Uganda: Country Begins Mother-to-Child Aids Vaccine Trials


Breast feedingUgandan and American Aids researchers have begun the first ever clinical trial of a vaccine to prevent mother-to-child transmission of HIV through breast-feeding which, if successful, could prevent at least 25,000 infections in new-borns in East Africa alone.

In the first phase of the trials the researchers will be testing whether the vaccine, formally known as ALVAC-HIV, is safe for use in children, following which they will study whether it can stop the transmission of the Aids virus to a suckling baby through breastmilk. Preliminary results are expected in mid-2007.

According to the UNAids, breast-feeding by HIV-positive mothers accounts for more than a third of all infections in new-borns, translating to about 1,800 children each day around the world. In Uganda alone, at least 8,000 of the country's 22,000 infections in children each year occur as a result of breast-feeding.

The Ugandan study will initially involve 50 children born to HIV-positive mothers, of whom 40 will randomly receive the test vaccine and 10 will act as controls.

It will be conducted at the Mulago Hospital by researchers from Makerere University and the John Hopkins University over a two-and-a-half year period. Once enrolled, the subject infants will be injected with the test vaccine, manufactured by Sanofi Pasteur, in four separate doses over a period of three months.

Aids experts say that an effective vaccine to help prevent mother-to-child transmission of HIV through breast-milk is the best possible way to curb the problem, as healthy alternatives to breast-feeding such as infant formulas are usually not available to most mothers in poor countries. In most African setups, it is also not practical to discourage breast-feeding for cultural reasons.

The ALVAC-HIV vaccine is one of at least five HIV vaccines under study across the continent, all of which involve adults. Previous studies in Uganda have shown it to be safe when administered to this group. The largest trials involving the vaccine are being undertaken in Thailand, where 16,000 volunteers are involved.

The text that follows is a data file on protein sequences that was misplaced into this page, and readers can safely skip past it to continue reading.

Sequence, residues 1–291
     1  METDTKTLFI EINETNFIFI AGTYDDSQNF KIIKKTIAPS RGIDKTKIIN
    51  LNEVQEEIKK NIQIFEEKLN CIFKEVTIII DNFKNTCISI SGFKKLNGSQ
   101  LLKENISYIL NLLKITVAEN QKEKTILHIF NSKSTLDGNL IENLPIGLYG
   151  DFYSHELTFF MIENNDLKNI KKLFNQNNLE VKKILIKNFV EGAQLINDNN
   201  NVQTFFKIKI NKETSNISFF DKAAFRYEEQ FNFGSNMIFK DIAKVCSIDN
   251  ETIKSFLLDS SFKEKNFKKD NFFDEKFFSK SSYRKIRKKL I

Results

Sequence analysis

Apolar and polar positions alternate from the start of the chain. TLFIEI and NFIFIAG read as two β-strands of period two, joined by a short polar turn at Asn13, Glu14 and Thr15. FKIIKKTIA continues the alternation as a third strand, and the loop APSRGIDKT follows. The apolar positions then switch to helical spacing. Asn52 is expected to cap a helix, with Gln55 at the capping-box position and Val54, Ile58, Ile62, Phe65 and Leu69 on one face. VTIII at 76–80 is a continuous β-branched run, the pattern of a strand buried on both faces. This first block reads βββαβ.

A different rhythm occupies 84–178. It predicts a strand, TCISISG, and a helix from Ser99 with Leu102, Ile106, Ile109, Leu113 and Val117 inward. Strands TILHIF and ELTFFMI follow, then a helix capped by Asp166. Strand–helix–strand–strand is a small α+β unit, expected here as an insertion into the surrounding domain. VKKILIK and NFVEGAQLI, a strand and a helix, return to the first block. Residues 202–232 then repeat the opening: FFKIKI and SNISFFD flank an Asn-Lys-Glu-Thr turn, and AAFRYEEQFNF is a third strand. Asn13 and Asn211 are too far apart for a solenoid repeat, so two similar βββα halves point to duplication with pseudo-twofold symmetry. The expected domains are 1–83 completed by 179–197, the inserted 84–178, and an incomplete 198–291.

Elsewhere, Kenya's lakeside city of Kisumu has been selected to host a study into a new microbicide to prevent the transmission of genital herpes, an infection which afflicts more than 30 per cent of adults in the region and which has been implicated in the transmission of HIV.

The microbicide, known as VivaGel (TM), will be tested concurrently in Kisumu and at a site at the University of California, Los Angeles.

The trials will be funded by the US National Institute of Allergy and Infectious Diseases, which is part of America's National Institutes of Health.

At least 30 women aged between 18 and 24 years will be enrolled at each site to help establish the safety of VivaGel TM when applied twice daily for 14 days in healthy women.

Recruitment for study volunteers in Kisumu will start in the next two weeks. Other studies on the microbicide are currently going on to establish whether it can also protect against HIV infection.

VivaGel (TM) was developed by the American medical research company, Starpharma Holdings Ltd. The company specialises in developing drugs from new molecules known as dendrimers.

"This trial represents a key milestone in the development of VivaGel (TM), supported by our clinical collaborators in the US and Kenya," Dr Jackie Fairley, chief executive of Starpharma, said in a statement announcing the Kisumu trials. "We consider prevention of genital herpes to be a commercially important indication for VivaGel (TM)."

Genital herpes is among a slew of sexually transmitted diseases which Aids experts say facilitate the transmission of HIV by creating sores that act as doorways for the Aids virus during unprotected sex.

The disease is prevalent in both poor and rich countries, with between 15 and 25 per cent of adults in North America and Europe being infected with the disease. In the United States alone, about 50 million people are estimated to have the infection.

Together with HIV, the disease is responsible for the growing interest among medical researchers in microbicides.